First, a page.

I have always wanted to travel. Since I was seven years old and really understood the concept of going abroad, I told my parents I was going to see the world. And thankfully, I wasn’t wrong. At nineteen, I studied abroad in California; and it was everything I ever imagined.
Of course, I was regularly asked if I felt homesick, and you know what? I didn’t. Not one bit. I missed my friends and family of course, but all I wanted to do was bring them to me, not go home to them. I watched as my English room mate had moments of weakness where she debated taking the next flight back to our homeland, but I just never had those feelings. Until, my birthday came around.
Suddenly, as my new friends got ready to celebrate me leaving my teen years behind, all I wanted to do was go home and have my mother hug me happy birthday. A natural feeling, obviously, but one I wasn’t expecting. So when, at twenty-two, I left the UK behind yet again, and headed off to visit the deep blue oceans and cloudless skies of Australia, I couldn’t help but feel nervous for this day to come around again.
I know that most people will say travelling on your birthday is a good thing. Who wouldn’t want to jet away for a long weekend to really make the occasion count. But, trust me, being away from home while your birthday happens, is not the same as booking an adventure away because of it.
Yes, while you get to explore a new place and do something for the big day that you will probably never get to do ever again, it brings up a lot of emotions that, if you’re like me, you didn’t think you were even facing.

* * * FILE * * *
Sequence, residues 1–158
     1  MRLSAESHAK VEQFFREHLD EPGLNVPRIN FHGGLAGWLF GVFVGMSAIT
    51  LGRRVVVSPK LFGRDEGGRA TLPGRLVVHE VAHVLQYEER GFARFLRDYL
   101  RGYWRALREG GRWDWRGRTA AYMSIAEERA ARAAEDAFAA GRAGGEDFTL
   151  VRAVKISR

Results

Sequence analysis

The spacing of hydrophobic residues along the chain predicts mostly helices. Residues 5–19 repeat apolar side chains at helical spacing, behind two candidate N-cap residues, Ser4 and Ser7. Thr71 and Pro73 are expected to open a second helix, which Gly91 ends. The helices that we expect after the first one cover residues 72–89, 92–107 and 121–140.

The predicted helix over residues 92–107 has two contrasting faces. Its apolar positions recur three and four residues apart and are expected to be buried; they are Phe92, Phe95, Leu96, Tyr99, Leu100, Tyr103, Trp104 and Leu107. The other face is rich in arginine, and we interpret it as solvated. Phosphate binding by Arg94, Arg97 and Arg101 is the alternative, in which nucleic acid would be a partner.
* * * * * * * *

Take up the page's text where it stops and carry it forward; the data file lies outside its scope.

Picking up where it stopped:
As your new friends give you presents and cards, you start to remember what your old friends did for you last year and the year before that. As your boyfriend starts booking tables and sending invites you start to remember that family dinner you had the year before, and all the years your mum was there to comfort you whenever you felt feelings like this. It all starts to get a bit too much.
But it’s not all bad. Here’s a few things to make travelling on your birthday, suck a little less.
1. Comfort Eat.
Who needs another excuse to eat what they want? Me. Birthdays are the perfect excuse to do just what you please with no guilt. Forget green juices and protein, divulge in cake and allow it make you feel better the way it intends to. I’ll personally be eating my body weight in burgers and cheesecake this afternoon to forget how much I miss my friends and family this time of year.
2. Use it as an excuse to make new memories and traditions.
Yes, the birthday lunch your mum makes you every year is what you count down the days for, but going out for lunch with some new friends in a completely new culture is actually a pretty awesome experience. Plus, your mum’s lunch will be there for you next year.
3. You’ll feel better about your life as another year passes.
Naturally, any birthday after your nineteenth bash causes you to debate your life achievements and direction. Are you just wasting your life away watching gossip girl re-runs and eating peanut butter out of the jar? Yeah, me too. But if I am doing that in Australia rather than at home, that’s okay right? Right. In hindsight, it’s hard to feel like you’re not doing anything with your life when just a few weeks ago, you went snorkelling at the great barrier reef.
4. You’ll learn who your true friends are.
The older you get, the realise that learning who your true friends are is important. What’s the point in fighting for someone’s approval or acceptance any more? You’re far too independent to waste your time on people who don’t see how fabulous you are. And being away from home will do you a favour by sieving those people out of your life for you and just leave behind those besties you love so much.
5. Your first birthday back home will be even bigger and better.
What better excuse to make your next birthday even more of an event than you were away from all your friends and family last year? Get out the party poppers and champagne, there’s going to be a party!